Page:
In an earlier post (What price, creativity?) I talked about the value of artistic creativity in innovation. Here is a great example of this in action…
We were inspired by the fabulous work coming out of Brown University, using artist painting techniques to create new ways of visualising multidimensional data sets (the link to the full paper based on Dean Turner’s PhD is below).
The challenge we were exploring was that radar imagery (of the kind we frequently use to measure forest properties – that’s the forest link here for this blog!) records the polarisation of the echoes. The polarisation is the orientation of the electromagnetic waves, and it gives you information on the orientation or physical structure of the object on the ground. Its a very useful tool, but it does mean you can end up with at least five “pictures” that you want to visualise all at once – only three of which naturally equate to a “brightness”. The other parameters relate to orientation angles and asymmetries, which traditional image generation can’t handle too well.
A standard approach to making a colour image from remotely sensed data is to have three channels of brightness information – essentially three separate black and white images, each created using a different wavelength of light. You assign each brightness level to the Red, Green or Blue channel of the display, and the various combinations of brightness of these different hues gives a whole range of resulting colours.So how do you best visualise an orientation angle? A brightness value is not a very good way to represent it – a brighter image does not intuitively match to a larger angle – and the fact that the highest angle (360°) actually equates to the lowest angle (0°) doesn’t match very well onto brightness (“the brightest pixel equals the darkest pixel” isn’t very intuitive).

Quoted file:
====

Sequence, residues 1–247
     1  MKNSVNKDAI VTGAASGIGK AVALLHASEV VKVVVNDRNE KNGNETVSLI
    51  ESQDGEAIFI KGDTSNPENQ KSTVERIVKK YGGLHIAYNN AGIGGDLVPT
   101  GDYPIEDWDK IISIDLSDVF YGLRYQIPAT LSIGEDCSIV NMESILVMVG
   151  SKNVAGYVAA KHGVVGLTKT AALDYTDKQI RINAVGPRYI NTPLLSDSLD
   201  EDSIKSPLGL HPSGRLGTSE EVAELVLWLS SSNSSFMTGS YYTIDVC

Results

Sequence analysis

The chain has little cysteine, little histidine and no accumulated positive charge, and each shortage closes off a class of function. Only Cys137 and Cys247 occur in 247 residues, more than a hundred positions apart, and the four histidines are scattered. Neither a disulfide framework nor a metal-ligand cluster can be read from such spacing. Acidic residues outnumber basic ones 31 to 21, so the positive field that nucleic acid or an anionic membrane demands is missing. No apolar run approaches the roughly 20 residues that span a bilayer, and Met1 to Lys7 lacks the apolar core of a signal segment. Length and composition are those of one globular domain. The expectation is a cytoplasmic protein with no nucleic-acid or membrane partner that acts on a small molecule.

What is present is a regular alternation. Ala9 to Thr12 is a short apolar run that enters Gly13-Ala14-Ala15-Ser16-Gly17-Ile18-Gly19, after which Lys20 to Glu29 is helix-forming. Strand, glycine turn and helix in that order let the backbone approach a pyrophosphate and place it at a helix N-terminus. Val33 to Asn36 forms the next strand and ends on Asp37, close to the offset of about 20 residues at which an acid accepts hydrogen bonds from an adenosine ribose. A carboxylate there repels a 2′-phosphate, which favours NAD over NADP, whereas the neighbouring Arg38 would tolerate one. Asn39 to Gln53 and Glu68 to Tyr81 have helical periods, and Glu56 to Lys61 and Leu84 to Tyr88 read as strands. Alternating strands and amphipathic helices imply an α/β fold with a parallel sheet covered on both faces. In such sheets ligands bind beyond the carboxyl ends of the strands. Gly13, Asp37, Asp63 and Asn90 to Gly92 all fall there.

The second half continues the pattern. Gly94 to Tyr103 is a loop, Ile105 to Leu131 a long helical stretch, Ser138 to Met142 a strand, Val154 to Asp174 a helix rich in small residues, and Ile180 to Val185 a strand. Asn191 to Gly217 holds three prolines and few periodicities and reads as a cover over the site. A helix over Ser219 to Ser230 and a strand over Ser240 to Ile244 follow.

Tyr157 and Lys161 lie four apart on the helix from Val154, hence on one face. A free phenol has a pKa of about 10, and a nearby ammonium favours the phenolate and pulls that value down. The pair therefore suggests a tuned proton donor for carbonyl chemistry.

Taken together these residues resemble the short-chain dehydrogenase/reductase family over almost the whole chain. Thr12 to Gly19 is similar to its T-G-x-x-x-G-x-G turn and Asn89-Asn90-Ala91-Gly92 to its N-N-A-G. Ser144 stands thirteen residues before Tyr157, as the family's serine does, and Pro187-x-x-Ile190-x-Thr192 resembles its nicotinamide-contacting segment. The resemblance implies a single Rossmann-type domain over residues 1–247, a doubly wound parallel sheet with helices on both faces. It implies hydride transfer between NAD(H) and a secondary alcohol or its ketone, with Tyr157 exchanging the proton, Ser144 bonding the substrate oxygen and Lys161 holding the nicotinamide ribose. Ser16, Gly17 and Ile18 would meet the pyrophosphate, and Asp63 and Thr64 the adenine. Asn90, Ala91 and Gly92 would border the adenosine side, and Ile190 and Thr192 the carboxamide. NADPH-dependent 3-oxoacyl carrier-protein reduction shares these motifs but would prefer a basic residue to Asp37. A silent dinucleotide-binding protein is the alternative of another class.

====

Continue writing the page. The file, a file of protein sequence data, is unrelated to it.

So what we have done is used little “icons” to represent various parameters of the data. At low resolution, you still see the broad geographical context, but if you look closely at a region of interest you see that it is made up of little ellipses that represent the polarimetric information.It looks beautiful, but it also communicates the polarimetric information in a more intuitive manner and allows the user to visually explore the data more effectively.
The full article is available on Open Access here:
Dean Turner and Iain H. Woodhouse
An Icon-Based Synoptic Visualization of Fully Polarimetric Radar Data
Remote Sens. 2012, 4(3), 648-660; doi:10.3390/rs4030648
 If you take a magnifying glass and look at a TV screen, you will see that each pixel is composed of a red, a green and a blue light. If they are all lit equally brightly, it looks white. Other colours are created from various levels of brightness of each channel